fter November 2nd, the Republican Party magically transformed itself from a group of white men smoking cigars at the country club to a mess of slack-jawed yokels with their eyes cast towards the sky looking for signs of the Second Coming of Jesus Christ. Analyses of the 2004 election made much of the fact that “moral values” became the deciding issue in American politics, apparently superseding social security, the Iraq War, or prescription drug benefits. That eleven states passed popular referenda banning gay marriage reinforced this fact. Since then, Kerry supporters and others on the Left have been huddling in the Northeast and other designated “blue” states and safe zones as they wait for Republicans to create an Iranian-style theocracy in America. Maureen Dowd, a columnist for the New York Times, claims that George W. Bush “ran a jihad in America so he could fight one in Iraq.” The “Southern white Christian soldiers” could not resist Bush’s intoxicating message. They went to the polls, “opposing abortion, suffocating stem cell research and supporting a constitutional amendment against gay marriage.” Dowd named the enemy that day. With the checklist of issues she offered in her column, it would seem important for those progressives still confused over whom to court in 2008 to get a copy of this article to stuff in their wallets. Brown students offered their own caricatures of those who voted for Bush. My favorite reaction came from The Brown Daily Squeal. Rob Montz ’05 pointed out that his support for Kerry’s policies did not derive from any personal advantage to himself. Kerry supporters voted as they did, you see, because of “altruistic leanings.” Of course, Bush voters do not know what is best for themselves. When speaking of Bush voters, Montz was apparently referring to those wandering around Wal-Mart attempting to find a big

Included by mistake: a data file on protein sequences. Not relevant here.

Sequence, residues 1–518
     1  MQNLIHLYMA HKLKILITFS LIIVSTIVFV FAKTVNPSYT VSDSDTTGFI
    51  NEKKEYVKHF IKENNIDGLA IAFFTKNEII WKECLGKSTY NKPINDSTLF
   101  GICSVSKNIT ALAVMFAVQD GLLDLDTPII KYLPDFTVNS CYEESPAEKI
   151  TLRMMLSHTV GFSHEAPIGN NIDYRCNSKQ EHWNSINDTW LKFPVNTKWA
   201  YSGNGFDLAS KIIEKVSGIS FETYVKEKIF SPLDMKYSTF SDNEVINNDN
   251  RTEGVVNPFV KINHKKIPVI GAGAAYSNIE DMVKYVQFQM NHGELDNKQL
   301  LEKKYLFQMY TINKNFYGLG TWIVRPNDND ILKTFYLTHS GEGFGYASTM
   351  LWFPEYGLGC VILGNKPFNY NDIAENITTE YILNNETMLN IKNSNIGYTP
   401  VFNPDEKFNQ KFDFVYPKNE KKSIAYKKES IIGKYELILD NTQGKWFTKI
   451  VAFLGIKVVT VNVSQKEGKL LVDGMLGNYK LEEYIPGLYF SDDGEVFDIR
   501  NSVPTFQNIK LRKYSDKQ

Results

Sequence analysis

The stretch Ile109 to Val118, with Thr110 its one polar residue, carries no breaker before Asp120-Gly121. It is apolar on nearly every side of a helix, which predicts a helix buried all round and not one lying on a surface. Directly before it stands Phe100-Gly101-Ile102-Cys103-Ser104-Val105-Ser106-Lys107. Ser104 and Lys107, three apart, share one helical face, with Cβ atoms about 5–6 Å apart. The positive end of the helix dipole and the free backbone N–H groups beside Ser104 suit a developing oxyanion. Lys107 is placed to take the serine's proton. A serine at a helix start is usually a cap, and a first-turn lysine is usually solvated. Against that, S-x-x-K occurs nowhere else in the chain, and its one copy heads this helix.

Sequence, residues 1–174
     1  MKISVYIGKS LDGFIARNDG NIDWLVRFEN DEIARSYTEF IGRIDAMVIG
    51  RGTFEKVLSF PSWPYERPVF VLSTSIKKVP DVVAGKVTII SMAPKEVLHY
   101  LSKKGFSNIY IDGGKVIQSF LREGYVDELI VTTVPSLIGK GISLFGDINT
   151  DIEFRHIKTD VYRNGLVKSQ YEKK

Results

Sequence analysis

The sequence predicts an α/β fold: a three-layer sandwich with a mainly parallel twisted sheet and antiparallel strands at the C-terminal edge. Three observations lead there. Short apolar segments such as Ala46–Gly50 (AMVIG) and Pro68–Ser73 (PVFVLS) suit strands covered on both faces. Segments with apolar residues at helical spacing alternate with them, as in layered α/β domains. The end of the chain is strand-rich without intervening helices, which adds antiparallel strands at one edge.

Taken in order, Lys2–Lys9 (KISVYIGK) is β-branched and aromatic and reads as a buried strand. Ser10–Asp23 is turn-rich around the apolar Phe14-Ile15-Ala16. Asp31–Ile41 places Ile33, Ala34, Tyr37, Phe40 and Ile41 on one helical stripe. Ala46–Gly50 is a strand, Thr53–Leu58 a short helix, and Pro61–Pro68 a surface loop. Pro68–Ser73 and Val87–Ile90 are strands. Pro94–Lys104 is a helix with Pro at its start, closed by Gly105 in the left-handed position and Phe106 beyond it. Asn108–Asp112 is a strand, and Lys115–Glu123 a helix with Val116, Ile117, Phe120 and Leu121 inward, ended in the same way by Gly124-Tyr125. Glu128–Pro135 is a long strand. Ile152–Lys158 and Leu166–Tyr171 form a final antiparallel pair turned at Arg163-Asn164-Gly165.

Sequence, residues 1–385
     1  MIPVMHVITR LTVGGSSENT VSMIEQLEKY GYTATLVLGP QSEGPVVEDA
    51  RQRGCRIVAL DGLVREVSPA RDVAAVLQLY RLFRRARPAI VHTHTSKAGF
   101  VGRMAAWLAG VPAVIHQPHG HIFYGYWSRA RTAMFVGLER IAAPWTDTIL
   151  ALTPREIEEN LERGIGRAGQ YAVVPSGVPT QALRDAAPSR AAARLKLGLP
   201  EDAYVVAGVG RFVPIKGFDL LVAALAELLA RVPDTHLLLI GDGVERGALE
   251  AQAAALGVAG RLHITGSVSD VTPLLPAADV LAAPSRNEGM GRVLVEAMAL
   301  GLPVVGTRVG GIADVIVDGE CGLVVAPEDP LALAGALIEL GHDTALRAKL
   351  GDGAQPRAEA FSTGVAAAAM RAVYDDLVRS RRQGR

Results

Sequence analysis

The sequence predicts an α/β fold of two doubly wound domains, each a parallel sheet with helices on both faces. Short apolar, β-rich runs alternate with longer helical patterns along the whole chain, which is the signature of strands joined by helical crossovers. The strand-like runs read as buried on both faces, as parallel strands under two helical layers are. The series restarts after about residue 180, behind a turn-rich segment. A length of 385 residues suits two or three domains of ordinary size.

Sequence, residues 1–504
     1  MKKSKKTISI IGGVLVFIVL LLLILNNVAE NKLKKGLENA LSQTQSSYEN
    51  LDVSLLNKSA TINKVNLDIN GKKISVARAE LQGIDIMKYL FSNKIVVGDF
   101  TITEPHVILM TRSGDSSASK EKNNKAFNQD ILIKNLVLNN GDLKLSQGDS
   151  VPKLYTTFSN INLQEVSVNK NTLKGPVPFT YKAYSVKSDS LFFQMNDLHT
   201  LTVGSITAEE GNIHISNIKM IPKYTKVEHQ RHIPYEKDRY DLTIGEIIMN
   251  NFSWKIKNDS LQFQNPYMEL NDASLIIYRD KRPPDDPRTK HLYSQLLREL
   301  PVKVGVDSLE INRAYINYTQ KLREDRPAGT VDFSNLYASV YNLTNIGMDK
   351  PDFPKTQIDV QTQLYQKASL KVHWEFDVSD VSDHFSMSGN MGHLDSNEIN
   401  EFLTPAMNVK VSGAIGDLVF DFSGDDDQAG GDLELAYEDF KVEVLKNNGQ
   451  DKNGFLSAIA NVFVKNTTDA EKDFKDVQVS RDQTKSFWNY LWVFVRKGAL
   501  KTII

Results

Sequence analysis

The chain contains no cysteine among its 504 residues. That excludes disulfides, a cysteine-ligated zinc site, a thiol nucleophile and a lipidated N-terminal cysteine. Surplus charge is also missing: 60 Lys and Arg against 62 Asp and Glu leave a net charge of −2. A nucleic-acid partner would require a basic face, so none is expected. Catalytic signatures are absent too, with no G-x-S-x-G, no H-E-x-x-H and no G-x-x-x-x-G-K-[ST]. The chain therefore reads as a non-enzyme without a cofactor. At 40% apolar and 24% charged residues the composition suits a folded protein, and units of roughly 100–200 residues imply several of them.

Democrats have the biggest bag of goodies, promising nationalized healthcare, a secure retirement, and affirmative action. And moral values—well, everyone knows Democrats love minorities, women, and poor people. enough Nascar shirt to fit on their obese figures, not the greedy ones who hate poor people or the neo-conservatives willing to wage war in the Middle East to suck the country dry of its oil. Other than dismissing the Bush supporters and revealing their distrust of the American electorate, some on the Left appeared bewildered by the creatures often called “conservatives”. It was almost as if some students had not yet made contact with a social conservative. In an article on the defeat of gay marriage and civil union initiatives, Natalie Korth ’08 tellingly said, “I really had no idea that entire states were against gay marriage. I thought it was just small, radical groups.” The idea that there are people who believe in marriage as an institution reserved for a man and woman is apparently foreign to some at Brown. Perhaps we should devote courses to the anthropological study of social conservatives, ensuring a proper
subject is extracted from a state south of the Mason-Dixon. After being at Brown in the aftermath of the election, I realized my upbringing was more privileged than I had originally thought. Instead of being introduced to the children of various political figures in prep school, I became familiar with the group that surpassed soccer moms as the hottest political constituents. I was raised in a place where I could count more churches than stoplights while driving to my own Sunday services. I know people who go to church twice a week—once on Sunday and again on Wednesday. And yes, I was even exposed to Confederate flags on a regular basis. What I hadn’t been introduced to was the snobbish Northeastern elite. Long thought of as a myth perpetuated “Party” continued on page
Spectator 4 Spectator An Interview with Ruth Simmons March 2005